The roles of pleckstrin-2 as a functional node in erythropoiesis

Project: Research project

Project Details

Description

Research in the past few decades has revealed many key factors in erythropoietin (Epo) and Rac GTPase signaling pathways that are important for the development of various red blood cell related diseases. However, the pathogenesis of many other erythroid disorders, such as congenital dyserythropoietic anemias, fanconi anemia, sideroblastic anemia, unexplained anemia of the elderly, ineffective erythropoiesis in beta-thalassemia, and myelodysplastic syndromes, remain unclear. These diseases often show unexplained defects in cell differentiation, survival, and actin dynamics that mimic disruptions of Epo and/or Rac GTPase pathways. However, no direct defects in Epo or Rac GTPase pathways have been reported to date in these diseases. An open question in the field is whether there are any proteins or pathways that link Epo and Rac GTPase pathways to regulate terminal erythropoiesis, which could be involved in the pathogenesis of aforementioned diseases. In this effort, we discovered that pleckstrin-2 (plek2) plays a critical role in different stages of terminal erythropoiesis through the interaction with cofilin. Our preliminary data and reports from other groups indicated that plek2 is closely interrelated with Epo and Rac GTPase pathways to regulate erythroid cell differentiation, survival and actin dynamics to form a global regulatory network in erythropoiesis. In this project, we will determine the roles of plek2 as a functional node in erythropoiesis in vitro and in vivo using our well-established mouse fetal erythroblast culture system and various mouse models. In Aim 1, we will use plek2 knockout mouse model, which showed macrocytic anemia and fetal anemia, to determine the functions of plek2 in erythropoiesis in vivo under steady state and stress conditions. The role of plek2 in the pathogenesis of beta-thalassemia will also be tested using Hbbth1/th1 mice as a direct red cell disease model for plek2. In Aim 2, we will determine the mechanisms by which plek2 is regulated by Epo signaling pathways transcriptionally or through post-translational modifications. In Aim 3, we will determine the extent to which plek2-cofilin and Rac GTPase pathways are reciprocally required in different stages of terminal erythropoiesis. Successful accomplishment of these independent but interconnected aims will reveal a central role of plek2 in regulating cell differentiation, survival and actin dynamics in erythropoiesis, which could provide novel insights into the pathogenesis and therapeutic management of red cell related diseases with unclear etiology.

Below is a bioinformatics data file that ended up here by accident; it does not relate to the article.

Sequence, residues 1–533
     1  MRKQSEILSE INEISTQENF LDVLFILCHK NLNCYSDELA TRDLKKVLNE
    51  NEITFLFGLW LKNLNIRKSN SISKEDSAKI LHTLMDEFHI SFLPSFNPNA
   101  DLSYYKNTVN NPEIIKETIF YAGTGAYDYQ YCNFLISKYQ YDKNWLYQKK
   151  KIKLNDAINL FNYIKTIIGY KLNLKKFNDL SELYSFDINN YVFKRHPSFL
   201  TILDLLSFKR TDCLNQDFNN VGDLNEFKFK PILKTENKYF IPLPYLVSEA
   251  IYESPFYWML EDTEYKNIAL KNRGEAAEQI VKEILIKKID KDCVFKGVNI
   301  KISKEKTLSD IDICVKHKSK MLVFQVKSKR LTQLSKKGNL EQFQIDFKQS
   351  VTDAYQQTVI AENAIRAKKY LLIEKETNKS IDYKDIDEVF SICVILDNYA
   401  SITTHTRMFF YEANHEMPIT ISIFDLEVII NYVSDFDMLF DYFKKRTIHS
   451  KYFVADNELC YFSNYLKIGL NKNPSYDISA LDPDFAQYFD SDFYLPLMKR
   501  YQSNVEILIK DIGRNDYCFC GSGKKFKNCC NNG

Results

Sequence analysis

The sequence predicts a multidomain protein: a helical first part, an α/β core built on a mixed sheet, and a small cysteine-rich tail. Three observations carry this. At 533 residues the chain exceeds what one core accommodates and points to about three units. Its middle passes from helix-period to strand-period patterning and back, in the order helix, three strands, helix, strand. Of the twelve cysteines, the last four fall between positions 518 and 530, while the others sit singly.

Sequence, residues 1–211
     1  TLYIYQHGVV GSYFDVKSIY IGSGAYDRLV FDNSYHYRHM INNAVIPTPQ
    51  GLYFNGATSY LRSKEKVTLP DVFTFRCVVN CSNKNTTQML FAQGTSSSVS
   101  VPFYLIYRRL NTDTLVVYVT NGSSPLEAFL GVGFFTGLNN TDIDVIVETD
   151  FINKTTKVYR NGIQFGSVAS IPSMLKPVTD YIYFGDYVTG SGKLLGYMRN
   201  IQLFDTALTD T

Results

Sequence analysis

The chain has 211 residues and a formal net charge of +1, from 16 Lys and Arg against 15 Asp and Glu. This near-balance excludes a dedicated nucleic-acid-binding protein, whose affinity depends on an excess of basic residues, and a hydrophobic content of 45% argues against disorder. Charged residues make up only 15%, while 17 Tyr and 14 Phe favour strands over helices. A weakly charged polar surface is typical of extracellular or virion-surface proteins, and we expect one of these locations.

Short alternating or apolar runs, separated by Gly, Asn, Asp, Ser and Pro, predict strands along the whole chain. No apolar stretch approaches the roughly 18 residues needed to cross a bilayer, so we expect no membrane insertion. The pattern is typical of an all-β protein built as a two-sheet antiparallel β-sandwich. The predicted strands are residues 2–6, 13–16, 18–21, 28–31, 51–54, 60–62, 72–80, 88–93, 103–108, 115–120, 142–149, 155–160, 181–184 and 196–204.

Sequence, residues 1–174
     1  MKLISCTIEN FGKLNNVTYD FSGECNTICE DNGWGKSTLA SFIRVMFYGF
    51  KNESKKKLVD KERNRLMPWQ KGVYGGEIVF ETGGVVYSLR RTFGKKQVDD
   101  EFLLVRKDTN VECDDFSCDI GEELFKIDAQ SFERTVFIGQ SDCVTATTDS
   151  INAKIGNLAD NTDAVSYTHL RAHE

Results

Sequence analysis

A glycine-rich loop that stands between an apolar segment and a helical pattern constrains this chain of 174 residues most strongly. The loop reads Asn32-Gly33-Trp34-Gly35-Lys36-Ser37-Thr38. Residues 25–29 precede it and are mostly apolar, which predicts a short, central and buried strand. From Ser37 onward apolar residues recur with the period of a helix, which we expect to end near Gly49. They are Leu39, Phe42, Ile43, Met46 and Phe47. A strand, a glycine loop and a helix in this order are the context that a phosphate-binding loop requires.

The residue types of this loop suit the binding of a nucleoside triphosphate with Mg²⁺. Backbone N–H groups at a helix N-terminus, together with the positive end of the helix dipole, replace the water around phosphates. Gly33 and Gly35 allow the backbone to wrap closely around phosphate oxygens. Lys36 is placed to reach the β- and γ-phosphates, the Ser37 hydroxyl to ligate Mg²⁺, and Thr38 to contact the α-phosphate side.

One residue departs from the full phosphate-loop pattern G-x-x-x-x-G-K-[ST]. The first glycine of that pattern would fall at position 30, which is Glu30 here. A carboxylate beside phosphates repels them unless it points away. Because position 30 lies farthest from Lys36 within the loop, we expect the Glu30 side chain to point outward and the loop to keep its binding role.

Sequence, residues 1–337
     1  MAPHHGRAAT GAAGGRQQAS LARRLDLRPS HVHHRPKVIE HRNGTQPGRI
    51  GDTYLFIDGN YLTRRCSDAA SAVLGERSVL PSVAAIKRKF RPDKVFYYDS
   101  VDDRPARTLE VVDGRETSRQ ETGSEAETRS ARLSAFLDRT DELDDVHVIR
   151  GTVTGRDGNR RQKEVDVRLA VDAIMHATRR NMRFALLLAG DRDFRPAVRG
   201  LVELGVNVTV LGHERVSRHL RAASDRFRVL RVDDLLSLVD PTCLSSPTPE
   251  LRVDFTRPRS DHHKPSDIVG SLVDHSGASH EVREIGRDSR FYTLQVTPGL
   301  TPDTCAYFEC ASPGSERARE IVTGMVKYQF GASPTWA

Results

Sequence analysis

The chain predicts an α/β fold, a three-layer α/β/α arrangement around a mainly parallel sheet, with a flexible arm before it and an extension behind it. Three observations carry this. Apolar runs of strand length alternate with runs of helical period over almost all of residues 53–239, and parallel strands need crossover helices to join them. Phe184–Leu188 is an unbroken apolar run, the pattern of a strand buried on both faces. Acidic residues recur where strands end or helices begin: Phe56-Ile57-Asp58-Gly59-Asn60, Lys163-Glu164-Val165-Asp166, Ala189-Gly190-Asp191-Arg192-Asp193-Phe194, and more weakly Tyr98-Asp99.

StatusFinished
Effective start/end date4/10/151/31/20

Funding

  • National Institute of Diabetes and Digestive and Kidney Diseases (5R01DK102718-05)

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